A Roadmap for Transforming Research to Invent the Batteries of the Future Designed within the European Large Scale Research Initiative BATTERY 2030+

Julia Amici, Pietro Asinari, Elixabete Ayerbe, Philippe Barboux, Pascale Bayle‐Guillemaud, R. Jürgen Behm, Maitane Berecibar, Erik Berg, Arghya Bhowmik, Silvia Bodoardo, Ivano E. Castelli, Isidora Cekic‐Laskovic, Rune Christensen, Simon Clark, Ralf Diehm, Robert Dominko, Maximilian Fichtner, Alejandro A. Franco, Alexis Grimaud, Nicolas GuilletMaria Hahlin, Sarah Hartmann, Vincent Heiries, Kersti Hermansson, Andreas Heuer, Saibal Jana, Lara Jabbour, Josef Kallo, Arnulf Latz, Henning Lorrmann, Ole Martin Løvvik, Sandrine Lyonnard, Marcel Meeus, Elie Paillard, Simon Perraud, Tobias Placke, Christian Punckt, Olivier Raccurt, Janna Ruhland, Edel Sheridan, Helge Stein, Jean‐Marie Tarascon, Victor Trapp, Tejs Vegge, Marcel Weil, Wolfgang Wenzel*, Martin Winter, Andreas Wolf, Kristina Edström*

*Corresponding author for this work

Research output: Contribution to journalReviewResearchpeer-review

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Abstract

This roadmap presents the transformational research ideas proposed by “BATTERY 2030+,” the European large-scale research initiative for future battery chemistries. A “chemistry-neutral” roadmap to advance battery research, particularly at low technology readiness levels, is outlined, with a time horizon of more than ten years. The roadmap is centered around six themes: 1) accelerated materials discovery platform, 2) battery interface genome, with the integration of smart functionalities such as 3) sensing and 4) self-healing processes. Beyond chemistry related aspects also include crosscutting research regarding 5) manufacturability and 6) recyclability. This roadmap should be seen as an enabling complement to the global battery roadmaps which focus on expected ultrahigh battery performance, especially for the future of transport. Batteries are used in many applications and are considered to be one technology necessary to reach the climate goals. Currently the market is dominated by lithium-ion batteries, which perform well, but despite new generations coming in the near future, they will soon approach their performance limits. Without major breakthroughs, battery performance and production requirements will not be sufficient to enable the building of a climate-neutral society. Through this “chemistry neutral” approach a generic toolbox transforming the way batteries are developed, designed and manufactured, will be created.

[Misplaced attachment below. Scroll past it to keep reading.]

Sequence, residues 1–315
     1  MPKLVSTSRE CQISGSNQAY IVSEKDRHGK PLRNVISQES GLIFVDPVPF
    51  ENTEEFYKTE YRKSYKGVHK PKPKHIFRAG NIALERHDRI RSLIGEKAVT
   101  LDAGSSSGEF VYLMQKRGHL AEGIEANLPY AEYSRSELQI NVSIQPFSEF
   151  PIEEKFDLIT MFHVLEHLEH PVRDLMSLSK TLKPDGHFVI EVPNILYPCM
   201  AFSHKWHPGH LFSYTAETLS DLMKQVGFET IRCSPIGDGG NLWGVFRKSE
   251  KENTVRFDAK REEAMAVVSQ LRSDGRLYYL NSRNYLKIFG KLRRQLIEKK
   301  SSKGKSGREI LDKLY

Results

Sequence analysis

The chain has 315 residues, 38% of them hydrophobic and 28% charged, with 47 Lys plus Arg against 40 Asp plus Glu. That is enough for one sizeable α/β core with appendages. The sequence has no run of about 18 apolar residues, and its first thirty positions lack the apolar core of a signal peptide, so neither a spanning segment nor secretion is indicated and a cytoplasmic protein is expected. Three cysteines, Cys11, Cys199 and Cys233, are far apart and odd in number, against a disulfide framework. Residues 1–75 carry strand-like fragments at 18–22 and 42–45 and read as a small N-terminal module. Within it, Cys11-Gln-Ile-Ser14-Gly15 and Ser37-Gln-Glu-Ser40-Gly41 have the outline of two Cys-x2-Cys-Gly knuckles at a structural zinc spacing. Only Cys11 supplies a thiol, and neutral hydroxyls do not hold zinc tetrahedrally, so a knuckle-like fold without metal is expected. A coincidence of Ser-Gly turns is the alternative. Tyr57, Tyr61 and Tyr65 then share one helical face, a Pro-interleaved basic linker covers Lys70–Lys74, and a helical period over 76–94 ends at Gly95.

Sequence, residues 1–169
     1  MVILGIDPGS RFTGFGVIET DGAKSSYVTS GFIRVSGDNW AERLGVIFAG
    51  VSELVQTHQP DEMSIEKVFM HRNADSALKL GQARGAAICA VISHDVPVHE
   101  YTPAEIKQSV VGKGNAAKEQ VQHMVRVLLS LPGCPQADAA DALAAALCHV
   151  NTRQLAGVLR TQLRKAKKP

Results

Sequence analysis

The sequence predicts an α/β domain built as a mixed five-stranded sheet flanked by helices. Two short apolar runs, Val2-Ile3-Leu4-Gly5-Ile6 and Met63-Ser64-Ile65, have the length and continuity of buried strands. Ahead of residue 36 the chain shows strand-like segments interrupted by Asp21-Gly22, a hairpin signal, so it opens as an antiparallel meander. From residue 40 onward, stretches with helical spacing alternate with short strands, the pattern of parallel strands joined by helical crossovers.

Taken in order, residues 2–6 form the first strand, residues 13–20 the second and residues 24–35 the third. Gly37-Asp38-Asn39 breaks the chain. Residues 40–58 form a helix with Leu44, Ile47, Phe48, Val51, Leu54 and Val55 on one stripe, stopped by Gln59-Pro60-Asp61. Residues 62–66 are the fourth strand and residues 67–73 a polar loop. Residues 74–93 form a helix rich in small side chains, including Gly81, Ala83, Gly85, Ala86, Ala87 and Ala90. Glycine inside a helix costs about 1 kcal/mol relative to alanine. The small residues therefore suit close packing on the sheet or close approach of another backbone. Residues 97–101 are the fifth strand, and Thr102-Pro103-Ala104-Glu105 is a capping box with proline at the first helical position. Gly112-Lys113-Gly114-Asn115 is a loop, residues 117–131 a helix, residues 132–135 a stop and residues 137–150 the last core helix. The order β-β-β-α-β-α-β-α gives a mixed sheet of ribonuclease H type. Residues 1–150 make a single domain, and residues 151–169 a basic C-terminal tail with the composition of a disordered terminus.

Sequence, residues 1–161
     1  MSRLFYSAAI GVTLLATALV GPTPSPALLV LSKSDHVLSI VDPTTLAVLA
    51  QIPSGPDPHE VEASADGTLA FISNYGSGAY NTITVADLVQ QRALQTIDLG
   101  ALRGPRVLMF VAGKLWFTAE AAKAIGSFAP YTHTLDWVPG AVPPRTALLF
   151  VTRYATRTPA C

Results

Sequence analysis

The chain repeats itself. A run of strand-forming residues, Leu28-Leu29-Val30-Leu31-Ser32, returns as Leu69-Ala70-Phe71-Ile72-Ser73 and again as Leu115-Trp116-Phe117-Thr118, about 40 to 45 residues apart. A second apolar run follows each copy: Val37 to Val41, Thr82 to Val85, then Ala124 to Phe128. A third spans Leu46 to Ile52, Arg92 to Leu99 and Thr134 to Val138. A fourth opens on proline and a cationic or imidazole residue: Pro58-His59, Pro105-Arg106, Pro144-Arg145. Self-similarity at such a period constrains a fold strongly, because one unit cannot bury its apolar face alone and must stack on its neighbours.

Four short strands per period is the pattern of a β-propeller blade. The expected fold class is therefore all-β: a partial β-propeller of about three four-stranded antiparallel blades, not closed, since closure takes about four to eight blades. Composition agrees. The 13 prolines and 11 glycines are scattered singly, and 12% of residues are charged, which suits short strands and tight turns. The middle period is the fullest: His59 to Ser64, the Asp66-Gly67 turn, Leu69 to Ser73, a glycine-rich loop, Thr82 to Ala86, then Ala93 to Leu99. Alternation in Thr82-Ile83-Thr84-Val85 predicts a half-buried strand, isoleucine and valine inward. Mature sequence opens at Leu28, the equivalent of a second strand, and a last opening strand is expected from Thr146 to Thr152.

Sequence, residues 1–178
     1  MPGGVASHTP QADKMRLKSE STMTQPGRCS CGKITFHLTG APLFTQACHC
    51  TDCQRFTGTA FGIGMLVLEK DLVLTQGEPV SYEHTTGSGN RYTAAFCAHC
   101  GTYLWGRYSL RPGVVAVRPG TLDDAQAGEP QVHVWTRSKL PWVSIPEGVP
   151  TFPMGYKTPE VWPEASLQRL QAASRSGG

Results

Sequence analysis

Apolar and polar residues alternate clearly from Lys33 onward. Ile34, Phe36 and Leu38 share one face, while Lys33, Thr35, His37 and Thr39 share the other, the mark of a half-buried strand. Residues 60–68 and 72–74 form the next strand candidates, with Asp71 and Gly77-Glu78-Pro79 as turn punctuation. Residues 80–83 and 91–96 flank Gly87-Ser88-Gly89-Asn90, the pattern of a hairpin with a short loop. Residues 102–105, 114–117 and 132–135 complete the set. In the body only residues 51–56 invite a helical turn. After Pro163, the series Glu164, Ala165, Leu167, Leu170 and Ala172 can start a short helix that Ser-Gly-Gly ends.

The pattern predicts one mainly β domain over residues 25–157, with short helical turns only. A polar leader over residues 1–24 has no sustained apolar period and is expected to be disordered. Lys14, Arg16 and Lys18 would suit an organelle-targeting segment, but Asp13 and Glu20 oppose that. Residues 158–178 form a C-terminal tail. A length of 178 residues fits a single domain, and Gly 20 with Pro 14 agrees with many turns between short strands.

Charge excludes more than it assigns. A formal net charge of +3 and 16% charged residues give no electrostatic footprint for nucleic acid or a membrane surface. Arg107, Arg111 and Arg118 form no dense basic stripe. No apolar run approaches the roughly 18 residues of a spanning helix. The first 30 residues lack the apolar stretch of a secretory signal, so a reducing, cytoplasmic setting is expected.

Original languageEnglish
Article number2102785
JournalAdvanced Energy Materials
Number of pages42
ISSN1614-6832
DOIs
Publication statusAccepted/In press - 2022

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